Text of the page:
The sale of Zambia's two major mines to Anglo American recently could be the start of a new era of growth this economically ailing country.
Although Zambia's economy has been largely copper-dependent, never before has the country's future relied so heavily on the fate of its copper mines. The Zambia Consolidated Copper Mines (ZCCM), in a manner of speaking, is the Zambian economy, and the Zambian economy is ZCCM.
The issue of privatising ZCCM has been a long and painful affair but after protracted negotiations, it was announced on 18 December, 1998 - just two weeks before the deadline for the sale of the mines - that the Nkana, Nchanga and Konkola mines had been sold. Finance Minister Edith Nawakwi announced that the mines had been bought by Anglo American Corporation.
Nawakwi said the three mines would attract an up-front cash payment of $72m and that the mines would be legally and formally transferred to Anglo American Corporation in March this year. Nawakwi also disclosed that Anglo American had pledged to invest $300m into the rehabilitation and expansion of Nkana, Nchanga and Konkola mines over the next three years.
Anglo American is also understood to have a firm undertaking to purchase the much vaunted Konkola Deep Mining Project, a year after it acquires ownership of the three mines. The corporation has pledged to invest $800m in the project, which is said to hold the key to the development of the country's copper industry.
Nawakwi said that although the $72m cash price seemed significant, most important was the long-term benefit of privatised mines to the Zambian economy as a whole.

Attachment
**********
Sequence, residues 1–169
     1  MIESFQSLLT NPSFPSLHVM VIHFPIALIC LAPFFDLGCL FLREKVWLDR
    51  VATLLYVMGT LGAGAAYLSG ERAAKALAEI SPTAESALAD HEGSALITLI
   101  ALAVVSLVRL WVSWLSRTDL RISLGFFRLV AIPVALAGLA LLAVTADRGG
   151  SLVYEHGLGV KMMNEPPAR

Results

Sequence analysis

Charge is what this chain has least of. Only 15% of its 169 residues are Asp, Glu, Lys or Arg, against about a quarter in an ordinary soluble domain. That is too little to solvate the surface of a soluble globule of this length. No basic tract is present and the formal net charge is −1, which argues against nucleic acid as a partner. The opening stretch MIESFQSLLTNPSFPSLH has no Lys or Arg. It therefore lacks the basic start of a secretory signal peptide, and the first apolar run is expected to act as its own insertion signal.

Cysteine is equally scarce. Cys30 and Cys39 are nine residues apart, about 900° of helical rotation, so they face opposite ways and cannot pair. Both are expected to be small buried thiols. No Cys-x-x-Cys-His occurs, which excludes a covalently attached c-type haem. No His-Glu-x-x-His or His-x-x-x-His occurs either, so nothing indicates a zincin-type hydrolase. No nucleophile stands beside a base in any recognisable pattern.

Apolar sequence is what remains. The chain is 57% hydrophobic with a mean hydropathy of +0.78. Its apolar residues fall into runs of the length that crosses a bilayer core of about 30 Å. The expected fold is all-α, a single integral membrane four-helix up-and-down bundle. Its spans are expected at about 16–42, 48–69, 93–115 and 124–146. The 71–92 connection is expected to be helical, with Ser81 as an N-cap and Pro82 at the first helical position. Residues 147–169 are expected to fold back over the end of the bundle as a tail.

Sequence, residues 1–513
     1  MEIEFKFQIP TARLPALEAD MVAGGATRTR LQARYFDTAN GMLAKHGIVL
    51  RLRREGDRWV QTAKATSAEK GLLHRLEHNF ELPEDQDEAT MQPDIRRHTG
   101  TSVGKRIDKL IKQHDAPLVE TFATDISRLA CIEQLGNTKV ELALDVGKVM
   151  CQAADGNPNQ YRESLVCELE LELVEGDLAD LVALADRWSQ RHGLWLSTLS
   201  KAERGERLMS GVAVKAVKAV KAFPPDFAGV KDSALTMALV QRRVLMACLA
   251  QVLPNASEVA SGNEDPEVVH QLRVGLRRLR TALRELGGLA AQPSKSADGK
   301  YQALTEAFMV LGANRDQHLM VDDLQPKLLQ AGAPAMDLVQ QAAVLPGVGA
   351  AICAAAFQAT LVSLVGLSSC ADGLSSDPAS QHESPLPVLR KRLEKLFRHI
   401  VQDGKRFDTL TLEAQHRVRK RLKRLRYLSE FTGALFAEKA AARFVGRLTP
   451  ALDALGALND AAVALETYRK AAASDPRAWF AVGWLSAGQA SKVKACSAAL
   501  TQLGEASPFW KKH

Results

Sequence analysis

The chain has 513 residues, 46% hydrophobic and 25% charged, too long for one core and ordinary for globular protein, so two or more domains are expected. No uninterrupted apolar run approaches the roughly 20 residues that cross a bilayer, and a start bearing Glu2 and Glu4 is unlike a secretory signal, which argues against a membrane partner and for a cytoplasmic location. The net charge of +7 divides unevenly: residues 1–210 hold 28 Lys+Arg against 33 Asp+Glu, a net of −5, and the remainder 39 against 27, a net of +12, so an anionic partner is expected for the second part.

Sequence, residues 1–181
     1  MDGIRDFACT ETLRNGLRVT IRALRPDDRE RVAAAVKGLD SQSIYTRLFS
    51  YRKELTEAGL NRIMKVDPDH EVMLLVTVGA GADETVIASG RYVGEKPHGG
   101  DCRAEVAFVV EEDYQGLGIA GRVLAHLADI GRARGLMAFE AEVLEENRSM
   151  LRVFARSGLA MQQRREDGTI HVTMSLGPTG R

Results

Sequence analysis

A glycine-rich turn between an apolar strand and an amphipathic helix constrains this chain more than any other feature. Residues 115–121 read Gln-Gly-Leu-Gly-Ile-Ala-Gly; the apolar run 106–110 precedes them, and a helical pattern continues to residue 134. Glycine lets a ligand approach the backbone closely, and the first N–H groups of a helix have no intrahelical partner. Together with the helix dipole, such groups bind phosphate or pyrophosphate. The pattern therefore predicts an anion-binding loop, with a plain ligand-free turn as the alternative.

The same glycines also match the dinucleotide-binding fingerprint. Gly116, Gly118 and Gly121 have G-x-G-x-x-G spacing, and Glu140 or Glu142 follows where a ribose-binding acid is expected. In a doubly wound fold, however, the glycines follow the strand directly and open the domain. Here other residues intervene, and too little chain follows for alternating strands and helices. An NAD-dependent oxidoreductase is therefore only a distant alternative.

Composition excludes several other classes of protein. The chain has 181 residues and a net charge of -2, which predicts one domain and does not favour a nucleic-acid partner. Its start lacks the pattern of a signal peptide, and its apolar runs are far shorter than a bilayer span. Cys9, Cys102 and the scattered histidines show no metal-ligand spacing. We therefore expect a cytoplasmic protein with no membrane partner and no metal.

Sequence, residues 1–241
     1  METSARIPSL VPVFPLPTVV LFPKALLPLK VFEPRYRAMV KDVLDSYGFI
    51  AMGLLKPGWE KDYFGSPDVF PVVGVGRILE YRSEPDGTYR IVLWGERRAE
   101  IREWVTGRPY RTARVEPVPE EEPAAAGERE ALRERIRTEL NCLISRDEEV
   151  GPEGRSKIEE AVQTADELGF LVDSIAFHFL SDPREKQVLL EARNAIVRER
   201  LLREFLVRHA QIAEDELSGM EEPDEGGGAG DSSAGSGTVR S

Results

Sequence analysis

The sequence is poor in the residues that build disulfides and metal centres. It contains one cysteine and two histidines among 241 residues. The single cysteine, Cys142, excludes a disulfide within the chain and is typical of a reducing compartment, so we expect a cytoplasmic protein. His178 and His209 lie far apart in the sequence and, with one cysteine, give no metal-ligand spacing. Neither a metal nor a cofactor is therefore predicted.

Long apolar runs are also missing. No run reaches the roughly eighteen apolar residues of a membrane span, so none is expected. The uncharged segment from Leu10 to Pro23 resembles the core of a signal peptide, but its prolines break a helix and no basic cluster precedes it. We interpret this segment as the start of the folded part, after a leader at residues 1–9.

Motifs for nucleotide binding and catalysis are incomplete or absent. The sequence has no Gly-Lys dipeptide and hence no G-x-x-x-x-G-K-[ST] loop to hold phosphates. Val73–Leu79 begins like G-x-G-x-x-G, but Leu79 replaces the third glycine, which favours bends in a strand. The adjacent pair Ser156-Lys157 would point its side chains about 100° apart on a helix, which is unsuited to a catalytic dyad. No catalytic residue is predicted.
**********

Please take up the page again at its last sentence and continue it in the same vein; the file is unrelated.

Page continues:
The ZCCM mining conglomerate has been up for privatisation for more than two years. Other mines have been successfully sold to foreign investors from South Africa, Canada, Britain, India and China but the sale of Nkana and Nchanga was pivotal to the government as they produce more than half of the country's 350,000 tonnes of copper per annum.
Nkana and Nchanga are so important to the copper industry and the economy as a whole that investors in many sectors of the economy were holding on to new investment until they saw how and which way the big two went. Before the sale, trading on the Lusaka Stock Exchange (LuSE) had slumped, mining-related manufacturing industries were scaling or closing down, donors were reluctant to release balance of payment support, foreign exchange was in short supply and inflation and interest rates were rising.